Fifty years ago at the World’s Fair, Seattle’s visionaries were thinking about exploring space. Today, the CEO of the Bill & Melinda Gates Foundation observed, more of the region’s innovators are focused on “terrestrial” matters like global health and biotech.
Whether that’s good or bad for mankind, we can debate another day. But as Jeff Raikes noted in his opening keynote at the Life Science Innovation Northwest conference yesterday, Seattle has a lot of smart people doing high-impact work in world of drug development, vaccines, devices, and diagnostics. About 80 companies had a chance to show their stuff yesterday to an audience of their peers, partners, and investors, providing all kinds of food for thought.
This kind of conference isn’t where news gets made, but it is where the schmoozing and intellectual cross-pollination happens that can lead to news down the road. Here were a few of the people and companies that I watched yesterday, at the beginning of the two-day meeting at the Washington State Convention Center.
—Seattle Genetics CEO Clay Siegall started off the conference with some momentum, talking about brentuximab vedotin (Adcetris), the new drug that combines the targeting ability of an antibody with a toxin to make it more potent. Siegall, who co-founded the company 15 years ago with this kind of dream product in mind, seemed to have a little extra bounce in his step yesterday for what could been a pretty ho-hum corporate update. The product was approved by the FDA last August for a couple of rare lymphomas, and has beaten most people’s sales expectations. Now Seattle Genetics has put together an expansion plan that Siegall says is inspired by Genentech’s work with rituximab (Rituxan), another lymphoma drug that generates about $6 billion a year in worldwide sales.
As was seen with Rituxan, Seattle Genetics is looking to make its drug the mainstay of therapy for patients with earlier forms of disease, for those getting repeat dosing, for people with other cancers that express the CD30 biomarker that Adcetris hits, and for patients around the world. Adcetris—a drug which costs $13,500 a dose, and which is given every three weeks—could end up being a $1 billion a year seller at its peak, Siegall has said. “We envision Adcetris will be a global brand with a big opportunity,” he said yesterday.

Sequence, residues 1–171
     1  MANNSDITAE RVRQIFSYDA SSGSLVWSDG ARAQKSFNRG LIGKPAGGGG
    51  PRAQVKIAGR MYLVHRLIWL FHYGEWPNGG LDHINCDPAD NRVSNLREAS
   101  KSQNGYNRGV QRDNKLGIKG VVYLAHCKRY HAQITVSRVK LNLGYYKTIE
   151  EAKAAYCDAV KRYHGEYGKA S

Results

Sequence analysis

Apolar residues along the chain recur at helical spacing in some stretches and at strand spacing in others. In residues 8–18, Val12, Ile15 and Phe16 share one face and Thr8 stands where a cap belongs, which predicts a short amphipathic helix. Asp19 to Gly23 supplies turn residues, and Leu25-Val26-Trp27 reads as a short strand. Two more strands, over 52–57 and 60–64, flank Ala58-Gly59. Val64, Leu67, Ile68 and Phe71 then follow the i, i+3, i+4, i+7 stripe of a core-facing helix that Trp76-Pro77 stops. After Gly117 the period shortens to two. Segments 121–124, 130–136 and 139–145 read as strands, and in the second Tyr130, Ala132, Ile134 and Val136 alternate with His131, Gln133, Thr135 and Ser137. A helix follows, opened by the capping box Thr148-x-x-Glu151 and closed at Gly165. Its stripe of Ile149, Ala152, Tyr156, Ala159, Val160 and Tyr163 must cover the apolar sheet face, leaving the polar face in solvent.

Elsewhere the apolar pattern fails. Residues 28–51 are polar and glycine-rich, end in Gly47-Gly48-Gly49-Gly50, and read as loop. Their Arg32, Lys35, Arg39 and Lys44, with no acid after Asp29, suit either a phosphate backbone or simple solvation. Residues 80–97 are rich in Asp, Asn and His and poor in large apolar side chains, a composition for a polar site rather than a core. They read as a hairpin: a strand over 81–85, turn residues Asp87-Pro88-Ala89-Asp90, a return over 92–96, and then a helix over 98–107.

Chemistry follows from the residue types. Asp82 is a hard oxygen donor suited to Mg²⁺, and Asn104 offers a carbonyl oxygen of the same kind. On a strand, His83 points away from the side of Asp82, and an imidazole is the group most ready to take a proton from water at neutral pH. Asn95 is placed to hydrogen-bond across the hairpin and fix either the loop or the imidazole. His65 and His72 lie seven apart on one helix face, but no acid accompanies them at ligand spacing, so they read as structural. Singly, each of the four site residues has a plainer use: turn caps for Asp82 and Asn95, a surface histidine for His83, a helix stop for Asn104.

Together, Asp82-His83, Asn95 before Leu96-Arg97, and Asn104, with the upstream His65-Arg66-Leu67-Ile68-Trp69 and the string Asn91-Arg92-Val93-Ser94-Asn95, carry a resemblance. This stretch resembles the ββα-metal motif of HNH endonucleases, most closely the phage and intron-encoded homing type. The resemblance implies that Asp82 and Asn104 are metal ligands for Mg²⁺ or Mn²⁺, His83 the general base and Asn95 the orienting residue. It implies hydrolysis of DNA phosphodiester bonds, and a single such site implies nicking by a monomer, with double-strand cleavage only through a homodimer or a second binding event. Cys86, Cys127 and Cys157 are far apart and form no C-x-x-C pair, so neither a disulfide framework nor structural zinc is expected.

At the close of his talk, Siegall had one last slide that could serve as a bit of a challenge to the Seattle biotech community. Of the 26 biotech companies with stock market valuations of $1 billion or more, most of them are in California and the Northeast corridor. Only two are from Seattle—Dendreon and Seattle Genetics. “I want to see more companies in that group,” Siegall said.
—Seattle-based NanoString Technologies showed how it has grown from a company with interesting technology a couple years ago into a company with a truly fast-growing business. CEO Brad Gray talked about how NanoString generated $18 million in revenues in 2011, a 50 percent gain over the prior year. The company figures it has captured about 10 percent of the total potential market for its nCounter instrument, which provides researchers with a digital readout on how genes are expressed in a sample, or how many RNA or microRNA molecules are in a sample. NanoString started by selling its $235,000 instrument to academic researchers, and it is now tapping into new demand from biotech and pharmaceutical companies, Gray said. Each instrument generates about $100,000 a year in sales of special chemical reagents, showing that customers are putting the machine to work, he added. The next big opportunity in NanoString’s sight is the clinical diagnostic market. The challenge will be … Next Page »